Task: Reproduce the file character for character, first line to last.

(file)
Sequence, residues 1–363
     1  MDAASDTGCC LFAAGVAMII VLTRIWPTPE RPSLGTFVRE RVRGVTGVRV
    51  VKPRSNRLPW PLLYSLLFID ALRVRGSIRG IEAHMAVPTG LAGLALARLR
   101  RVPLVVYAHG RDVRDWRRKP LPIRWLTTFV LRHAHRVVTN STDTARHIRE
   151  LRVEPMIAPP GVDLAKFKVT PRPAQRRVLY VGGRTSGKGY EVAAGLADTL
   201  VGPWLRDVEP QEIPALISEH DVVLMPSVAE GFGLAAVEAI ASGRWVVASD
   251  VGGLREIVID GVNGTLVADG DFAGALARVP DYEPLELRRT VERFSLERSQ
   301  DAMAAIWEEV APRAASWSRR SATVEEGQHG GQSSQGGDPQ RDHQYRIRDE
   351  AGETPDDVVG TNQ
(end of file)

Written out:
Sequence, residues 1–363
     1  MDAASDTGCC LFAAGVAMII VLTRIWPTPE RPSLGTFVRE RVRGVTGVRV
    51  VKPRSNRLPW PLLYSLLFID ALRVRGSIRG IEAHMAVPTG LAGLALARLR
   101  RVPLVVYAHG RDVRDWRRKP LPIRWLTTFV LRHAHRVVTN STDTARHIRE
   151  LRVEPMIAPP GVDLAKFKVT PRPAQRRVLY VGGRTSGKGY EVAAGLADTL
   201  VGPWLRDVEP QEIPALISEH DVVLMPSVAE GFGLAAVEAI ASGRWVVASD
   251  VGGLREIVID GVNGTLVADG DFAGALARVP DYEPLELRRT VERFSLERSQ
   301  DAMAAIWEEV APRAASWSRR SATVEEGQHG GQSSQGGDPQ RDHQYRIRDE
   351  AGETPDDVVG TNQ